Make Your FILM Healthy!


Why drink Yakult? Because it is a probiotic milk that can bring so many benefits to kids and adults alike. Because of its distinct composition—live Lactobacilillus Casei Shirota, I made this crazy experiment and wondered how these bacteria could possibly affect the photos. I thought if it’s good for our “insides,” then perhaps it will also do our films good. Here are simple steps in making your film healthy and be happy with the result.

What you need:
-1 bottle of Yakult
-Film with canister (In my case I only used a color negative Kodak HD 400)
-Any analogue camera

What I did:
Poured the cultured milk over the canister with the film inside. Soaked it for hours (took me almost a day). Removed the excess Yakult. Left it by my room’s window for drying. Loaded it into my Vivitar UWS camera. Took outdoor/sunny pictures. Had the film developed without any special instructions regarding the processing.

Upon seeing the results, I can definitely say I can use Yakult film everyday in any day with any camera. I’m happy with the colors it produced and the texture of the photos, which perhaps is due to the microorganisms. In addition to the healthy benefits this drink gives us, we can therefore confirm its good use and wonderful effects on our normal films.

Here’s the link to the rest of the photos:

written by bluemie5 on 2011-07-11 #gear #tutorials #film #philippines #35mm #vivitar #kodak-400 #lab-rat #tipster #lomography #greens #bohol #quickie #purples #bacteria #gup #gupexperiment #yakult #film-texture #lactobacillus-shirota-strain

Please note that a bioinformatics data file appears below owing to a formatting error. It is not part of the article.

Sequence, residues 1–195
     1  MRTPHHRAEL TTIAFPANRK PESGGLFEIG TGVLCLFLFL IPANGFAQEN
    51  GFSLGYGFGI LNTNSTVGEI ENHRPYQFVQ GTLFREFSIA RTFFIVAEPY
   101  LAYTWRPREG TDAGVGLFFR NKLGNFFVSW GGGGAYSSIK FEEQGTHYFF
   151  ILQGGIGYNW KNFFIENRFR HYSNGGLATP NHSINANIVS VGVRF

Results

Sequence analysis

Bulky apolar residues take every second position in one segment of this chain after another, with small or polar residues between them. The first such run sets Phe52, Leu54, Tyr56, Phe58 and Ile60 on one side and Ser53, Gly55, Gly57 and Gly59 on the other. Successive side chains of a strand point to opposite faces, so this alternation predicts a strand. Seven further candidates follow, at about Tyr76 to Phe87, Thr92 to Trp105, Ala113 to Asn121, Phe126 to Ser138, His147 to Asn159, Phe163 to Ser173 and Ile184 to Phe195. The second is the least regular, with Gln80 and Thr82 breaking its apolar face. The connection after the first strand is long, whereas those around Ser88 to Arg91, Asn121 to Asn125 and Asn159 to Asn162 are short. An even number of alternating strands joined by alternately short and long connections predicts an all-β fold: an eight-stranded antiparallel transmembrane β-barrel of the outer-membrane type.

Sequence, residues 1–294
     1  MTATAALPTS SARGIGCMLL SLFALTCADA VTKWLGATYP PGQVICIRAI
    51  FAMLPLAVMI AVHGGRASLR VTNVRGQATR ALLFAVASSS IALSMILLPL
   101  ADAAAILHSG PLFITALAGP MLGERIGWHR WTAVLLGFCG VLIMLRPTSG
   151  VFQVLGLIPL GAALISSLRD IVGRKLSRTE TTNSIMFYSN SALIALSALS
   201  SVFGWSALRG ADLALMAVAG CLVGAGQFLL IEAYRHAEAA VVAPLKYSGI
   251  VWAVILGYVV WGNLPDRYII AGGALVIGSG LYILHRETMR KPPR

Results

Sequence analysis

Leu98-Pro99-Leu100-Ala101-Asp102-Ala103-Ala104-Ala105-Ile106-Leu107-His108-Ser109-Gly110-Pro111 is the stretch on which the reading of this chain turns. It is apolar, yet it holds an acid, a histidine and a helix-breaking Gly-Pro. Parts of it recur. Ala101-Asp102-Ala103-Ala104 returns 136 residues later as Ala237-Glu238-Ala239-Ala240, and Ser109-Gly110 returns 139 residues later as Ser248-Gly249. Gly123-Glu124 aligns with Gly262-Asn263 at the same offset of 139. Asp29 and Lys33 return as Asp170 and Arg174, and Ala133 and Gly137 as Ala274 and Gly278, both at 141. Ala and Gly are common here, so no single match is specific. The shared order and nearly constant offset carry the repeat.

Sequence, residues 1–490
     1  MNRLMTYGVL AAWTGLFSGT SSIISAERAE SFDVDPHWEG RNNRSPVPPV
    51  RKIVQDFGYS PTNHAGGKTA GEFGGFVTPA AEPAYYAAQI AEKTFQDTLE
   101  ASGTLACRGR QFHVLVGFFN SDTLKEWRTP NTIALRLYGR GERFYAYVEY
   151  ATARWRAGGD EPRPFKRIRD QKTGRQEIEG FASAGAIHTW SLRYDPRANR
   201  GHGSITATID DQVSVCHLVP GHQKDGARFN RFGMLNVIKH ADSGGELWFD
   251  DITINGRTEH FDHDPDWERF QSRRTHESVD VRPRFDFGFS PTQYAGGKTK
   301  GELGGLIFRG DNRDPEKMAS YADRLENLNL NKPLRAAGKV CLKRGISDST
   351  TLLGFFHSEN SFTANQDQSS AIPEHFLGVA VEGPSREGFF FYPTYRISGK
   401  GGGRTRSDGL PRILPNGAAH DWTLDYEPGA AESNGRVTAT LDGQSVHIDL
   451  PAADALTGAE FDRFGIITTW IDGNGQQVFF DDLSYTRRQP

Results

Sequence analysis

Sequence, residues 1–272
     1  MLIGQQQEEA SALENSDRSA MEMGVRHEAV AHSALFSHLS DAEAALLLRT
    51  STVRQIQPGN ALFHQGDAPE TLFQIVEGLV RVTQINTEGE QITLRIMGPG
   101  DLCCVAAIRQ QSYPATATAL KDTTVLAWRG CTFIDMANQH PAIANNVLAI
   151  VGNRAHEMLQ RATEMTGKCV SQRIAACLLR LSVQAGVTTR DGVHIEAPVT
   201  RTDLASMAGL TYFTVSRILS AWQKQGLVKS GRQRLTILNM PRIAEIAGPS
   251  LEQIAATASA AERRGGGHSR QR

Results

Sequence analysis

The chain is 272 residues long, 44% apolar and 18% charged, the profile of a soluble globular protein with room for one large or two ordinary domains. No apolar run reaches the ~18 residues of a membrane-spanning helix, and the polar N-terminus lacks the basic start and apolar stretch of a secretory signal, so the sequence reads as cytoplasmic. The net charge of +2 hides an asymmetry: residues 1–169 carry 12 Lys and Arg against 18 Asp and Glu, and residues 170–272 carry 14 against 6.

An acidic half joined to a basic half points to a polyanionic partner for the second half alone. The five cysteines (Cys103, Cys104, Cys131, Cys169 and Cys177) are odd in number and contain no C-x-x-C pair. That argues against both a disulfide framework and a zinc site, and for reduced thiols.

1. franty
    franty ·

    Now i really want an Yakult...

  2. dearjme
    dearjme ·

    Ohh what a great idea! How long did you leave it to dry?

  3. analogmonolog
    analogmonolog ·

    truly an awesome lab rat experiment :) a round of applause for you

  4. bluemie5
    bluemie5 ·

    Hi franty! I love Yakult too. =)

    I cant remember how long it took me to have it dried because I wasnt able to use it right away so Im not sure if that would be considered as drying time. It will be good to use as long as you can already pull/move the film because its really sticky at first =p

  5. sidsel
    sidsel ·

    This is one of the coolest film experiment ever! I'm off to the supermarket to buy some Yakult!

  6. gracia27
    gracia27 ·

    Can I do this if I already shot the film?

  7. geka
    geka ·

    Haha! Great idea! It made me laugh a lot :-) Thanks for sharing. I think I'll try it someday, too.

  8. superkulisap
    superkulisap ·

    This is one cool idea. :)
    This also happened to one of my rolls but Yakult was not the reason for its wetness. I left my film near an open window when the rain poured. haha. I had it dried by itself and had it processed. It left some dirty marks on the photos that gave them an old school yet effect. Check out my shots:…

  9. superkulisap
    superkulisap ·

    @bluemie5 I love your intro! yakult everyday, everyday, okay! hehe

  10. renenob
    renenob ·

    Ok ka tyan!

  11. hilarion
    hilarion ·

    as I am interested in probiotic research I would say, that the effect is due to other substances in yoghurt rather than L. casei Shirota. but I like your idea soooooooooo much!!!! as a real scientist I have to try it, I will choose actimel, or activia :D:D:D:D

  12. reginachew
    reginachew ·

    *applause* A good experiment that worth to try! =) thanks for sharing~

  13. bluemie5
    bluemie5 ·

    @hilarion thanks for the info! =)

  14. bluemie5
    bluemie5 ·

    @superkulisap. nice "wet roll" photos!! subukan ko nga rin. in your case, photos were taken first before the film got wet right?

  15. boredbone
    boredbone · one.

More Interesting Articles